(The Center Square) – Flanked by high spending rates and chronic poor pavement conditions, Massachusetts continued to rank low in a recent national study that assessed the performance of state highways across the country.
In its 26th edition highway report, the Reason Foundation ranked Massachusetts 43rd in its analysis. The Los Angeles-based libertarian think tank gave the state a four-spot improvement from last year’s 47th ranking.
The author of the report cited several reasons in the analysis for the ranking of inferior housing, including consistently high disbursements for capital and bridge improvements, routine maintenance, and administrative expenses.
The report also singled out two chronic and significant challenges in Massachusetts – pavement quality and traffic congestion – for its ranking. Massachusetts spends 1.5 times what neighboring Maryland spends per mile of state-controlled track, according to the foundation’s study.
In the foundation report on Massachusetts, Baruch Feigenbaum, lead author and chief executive officer of transportation policy for the Reason Foundation, discussed how the state can turn the tide on its relatively weak performance.
“To improve the ranking, Massachusetts should try to ensure that its high costs translate into better road conditions and less congestion,” Feigenbaum said in a statement.
“For example,” Feigenbaum added, “the state ranks in the bottom 10 states in all four disbursement categories and also ranks in the bottom 10 in two of the four roadway condition categories (rural interstate and artery urban) and traffic jam. “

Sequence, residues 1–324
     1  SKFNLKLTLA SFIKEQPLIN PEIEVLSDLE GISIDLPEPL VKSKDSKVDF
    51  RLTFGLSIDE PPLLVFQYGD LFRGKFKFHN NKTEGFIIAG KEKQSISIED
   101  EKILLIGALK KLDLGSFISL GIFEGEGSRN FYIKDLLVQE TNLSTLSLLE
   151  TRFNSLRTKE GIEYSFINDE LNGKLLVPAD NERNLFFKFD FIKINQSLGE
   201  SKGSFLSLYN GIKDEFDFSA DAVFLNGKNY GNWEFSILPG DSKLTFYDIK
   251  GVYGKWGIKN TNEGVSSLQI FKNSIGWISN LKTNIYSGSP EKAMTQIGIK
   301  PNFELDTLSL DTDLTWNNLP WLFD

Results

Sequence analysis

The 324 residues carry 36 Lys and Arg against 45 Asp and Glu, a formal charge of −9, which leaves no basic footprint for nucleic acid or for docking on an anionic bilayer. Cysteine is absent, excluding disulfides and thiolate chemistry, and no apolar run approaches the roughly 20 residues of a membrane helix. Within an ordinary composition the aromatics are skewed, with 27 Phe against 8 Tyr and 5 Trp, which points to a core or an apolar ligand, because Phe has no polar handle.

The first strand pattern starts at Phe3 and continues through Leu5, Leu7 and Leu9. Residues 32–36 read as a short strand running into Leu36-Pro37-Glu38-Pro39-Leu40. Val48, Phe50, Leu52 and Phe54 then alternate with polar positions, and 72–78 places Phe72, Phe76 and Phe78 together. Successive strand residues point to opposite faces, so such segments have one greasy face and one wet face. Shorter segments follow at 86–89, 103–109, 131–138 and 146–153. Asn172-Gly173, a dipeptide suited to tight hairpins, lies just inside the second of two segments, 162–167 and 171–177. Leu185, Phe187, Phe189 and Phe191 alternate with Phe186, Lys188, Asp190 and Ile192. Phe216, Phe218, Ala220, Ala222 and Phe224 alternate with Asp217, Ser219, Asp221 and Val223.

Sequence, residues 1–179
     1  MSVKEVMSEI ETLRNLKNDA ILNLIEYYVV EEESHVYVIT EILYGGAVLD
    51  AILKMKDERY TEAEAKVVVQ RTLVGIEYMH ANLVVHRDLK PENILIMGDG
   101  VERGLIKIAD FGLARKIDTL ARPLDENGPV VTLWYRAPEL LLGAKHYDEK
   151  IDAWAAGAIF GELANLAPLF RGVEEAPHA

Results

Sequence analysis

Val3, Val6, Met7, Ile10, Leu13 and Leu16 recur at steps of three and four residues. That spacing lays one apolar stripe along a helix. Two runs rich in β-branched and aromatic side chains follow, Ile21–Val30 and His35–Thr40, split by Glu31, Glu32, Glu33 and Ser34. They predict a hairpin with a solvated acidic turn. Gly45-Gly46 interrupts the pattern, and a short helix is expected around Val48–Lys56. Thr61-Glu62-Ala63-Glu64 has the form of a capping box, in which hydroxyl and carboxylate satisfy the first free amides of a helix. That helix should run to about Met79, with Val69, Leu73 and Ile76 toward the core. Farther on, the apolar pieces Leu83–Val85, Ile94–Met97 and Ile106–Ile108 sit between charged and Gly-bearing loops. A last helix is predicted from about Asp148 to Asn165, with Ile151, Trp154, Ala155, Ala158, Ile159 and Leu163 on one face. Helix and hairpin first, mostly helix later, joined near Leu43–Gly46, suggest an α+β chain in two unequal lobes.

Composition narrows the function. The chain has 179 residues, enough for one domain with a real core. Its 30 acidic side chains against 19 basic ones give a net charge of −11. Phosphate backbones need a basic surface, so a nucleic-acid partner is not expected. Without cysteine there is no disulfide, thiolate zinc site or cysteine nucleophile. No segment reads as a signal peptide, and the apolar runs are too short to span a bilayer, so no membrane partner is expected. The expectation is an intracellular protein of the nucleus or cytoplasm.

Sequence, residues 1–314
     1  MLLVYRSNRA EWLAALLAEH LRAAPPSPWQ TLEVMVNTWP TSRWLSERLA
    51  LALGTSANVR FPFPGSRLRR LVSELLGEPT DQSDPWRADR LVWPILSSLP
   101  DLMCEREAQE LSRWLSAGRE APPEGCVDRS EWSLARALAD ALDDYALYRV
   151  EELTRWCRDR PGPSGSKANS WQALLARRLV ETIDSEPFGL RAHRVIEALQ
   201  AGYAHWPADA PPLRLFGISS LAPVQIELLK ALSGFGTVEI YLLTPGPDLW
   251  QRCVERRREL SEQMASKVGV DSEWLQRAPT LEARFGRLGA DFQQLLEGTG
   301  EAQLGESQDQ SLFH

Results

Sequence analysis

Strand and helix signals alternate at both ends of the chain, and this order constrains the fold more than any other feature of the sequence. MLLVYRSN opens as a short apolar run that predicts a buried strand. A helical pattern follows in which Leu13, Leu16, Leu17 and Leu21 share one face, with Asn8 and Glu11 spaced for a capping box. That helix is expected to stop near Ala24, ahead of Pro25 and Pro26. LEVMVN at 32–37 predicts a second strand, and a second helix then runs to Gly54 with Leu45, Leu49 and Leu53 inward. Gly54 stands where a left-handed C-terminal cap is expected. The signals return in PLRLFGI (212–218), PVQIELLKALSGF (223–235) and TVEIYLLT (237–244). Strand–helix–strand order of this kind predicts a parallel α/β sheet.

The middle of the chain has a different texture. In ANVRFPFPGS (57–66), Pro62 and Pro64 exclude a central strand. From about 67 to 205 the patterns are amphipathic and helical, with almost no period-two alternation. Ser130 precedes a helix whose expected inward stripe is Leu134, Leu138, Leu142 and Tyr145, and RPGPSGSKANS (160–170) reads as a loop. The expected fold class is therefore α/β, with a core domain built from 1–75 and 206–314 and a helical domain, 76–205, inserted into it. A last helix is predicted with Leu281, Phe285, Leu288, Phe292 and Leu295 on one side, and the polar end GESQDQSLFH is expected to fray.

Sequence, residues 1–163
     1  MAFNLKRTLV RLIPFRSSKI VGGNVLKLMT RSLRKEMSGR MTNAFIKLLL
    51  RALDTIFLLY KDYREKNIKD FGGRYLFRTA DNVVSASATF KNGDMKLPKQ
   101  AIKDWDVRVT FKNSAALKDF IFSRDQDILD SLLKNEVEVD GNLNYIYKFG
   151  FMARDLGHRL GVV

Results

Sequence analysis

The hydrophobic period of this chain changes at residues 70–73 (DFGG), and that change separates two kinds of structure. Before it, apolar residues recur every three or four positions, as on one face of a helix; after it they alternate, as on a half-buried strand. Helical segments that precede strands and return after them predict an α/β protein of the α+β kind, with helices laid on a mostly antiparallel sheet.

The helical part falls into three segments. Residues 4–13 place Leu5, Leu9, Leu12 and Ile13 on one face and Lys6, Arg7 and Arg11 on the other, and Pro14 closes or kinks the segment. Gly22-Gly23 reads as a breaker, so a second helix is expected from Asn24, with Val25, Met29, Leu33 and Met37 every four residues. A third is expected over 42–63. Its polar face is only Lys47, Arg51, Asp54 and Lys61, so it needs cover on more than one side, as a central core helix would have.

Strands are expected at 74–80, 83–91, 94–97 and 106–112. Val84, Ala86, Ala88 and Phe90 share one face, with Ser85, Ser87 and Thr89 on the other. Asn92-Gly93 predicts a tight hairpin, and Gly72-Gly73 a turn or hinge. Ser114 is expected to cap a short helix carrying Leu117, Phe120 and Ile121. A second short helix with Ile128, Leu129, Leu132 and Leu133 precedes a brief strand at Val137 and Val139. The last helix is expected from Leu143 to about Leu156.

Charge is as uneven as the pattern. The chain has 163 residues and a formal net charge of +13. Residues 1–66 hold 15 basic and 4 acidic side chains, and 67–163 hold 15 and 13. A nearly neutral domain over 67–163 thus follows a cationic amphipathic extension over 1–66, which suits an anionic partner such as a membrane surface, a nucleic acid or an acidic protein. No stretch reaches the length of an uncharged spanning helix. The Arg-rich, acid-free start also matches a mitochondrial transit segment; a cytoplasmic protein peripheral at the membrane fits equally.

Amid the state’s pressing and continuing capital needs, Feigenbaum urged Massachusetts lawmakers to consider its spending priorities and maximize funding for the most pressing infrastructure needs.
“While it may be difficult for Massachusetts to reduce its spending, if the state could improve the quality of its pavement to the level of the national average, it would advance in the overall standings,” Feigenbaum said in the statement. “As it is, the state has high spending and many bad roads.”
Compared to neighboring states, Massachusetts is ahead of some of its neighbors. Rhode Island, for example, was 49th and New Jersey was last in 50th. New York, in 46th place, also lagged behind.
But several other neighboring states have far surpassed Massachusetts. Vermont came 13th, New Hampshire 19th, Connecticut 31st, and Maine 33rd.
None of the top 10 states in this year’s Reason Foundation report were in the Northeast. North Dakota was the top ranked state, followed by Virginia, Missouri, Kentucky, North Carolina, Utah, Kansas, Idaho, South Dakota and, n ° 10, from Tennessee.